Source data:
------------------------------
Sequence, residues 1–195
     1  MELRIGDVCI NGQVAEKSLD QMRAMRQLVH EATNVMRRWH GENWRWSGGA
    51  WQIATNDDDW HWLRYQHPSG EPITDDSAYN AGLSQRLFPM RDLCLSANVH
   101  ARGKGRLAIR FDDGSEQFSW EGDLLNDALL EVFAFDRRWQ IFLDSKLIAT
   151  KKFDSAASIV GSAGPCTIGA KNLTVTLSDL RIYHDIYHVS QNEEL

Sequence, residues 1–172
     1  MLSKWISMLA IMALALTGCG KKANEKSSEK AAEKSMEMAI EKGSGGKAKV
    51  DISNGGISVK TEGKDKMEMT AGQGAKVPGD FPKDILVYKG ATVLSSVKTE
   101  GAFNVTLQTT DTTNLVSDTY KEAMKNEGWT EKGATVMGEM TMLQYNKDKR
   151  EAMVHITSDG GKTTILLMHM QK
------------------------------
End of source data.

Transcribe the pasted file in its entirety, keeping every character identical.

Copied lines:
Sequence, residues 1–195
     1  MELRIGDVCI NGQVAEKSLD QMRAMRQLVH EATNVMRRWH GENWRWSGGA
    51  WQIATNDDDW HWLRYQHPSG EPITDDSAYN AGLSQRLFPM RDLCLSANVH
   101  ARGKGRLAIR FDDGSEQFSW EGDLLNDALL EVFAFDRRWQ IFLDSKLIAT
   151  KKFDSAASIV GSAGPCTIGA KNLTVTLSDL RIYHDIYHVS QNEEL

Sequence, residues 1–172
     1  MLSKWISMLA IMALALTGCG KKANEKSSEK AAEKSMEMAI EKGSGGKAKV
    51  DISNGGISVK TEGKDKMEMT AGQGAKVPGD FPKDILVYKG ATVLSSVKTE
   101  GAFNVTLQTT DTTNLVSDTY KEAMKNEGWT EKGATVMGEM TMLQYNKDKR
   151  EAMVHITSDG GKTTILLMHM QK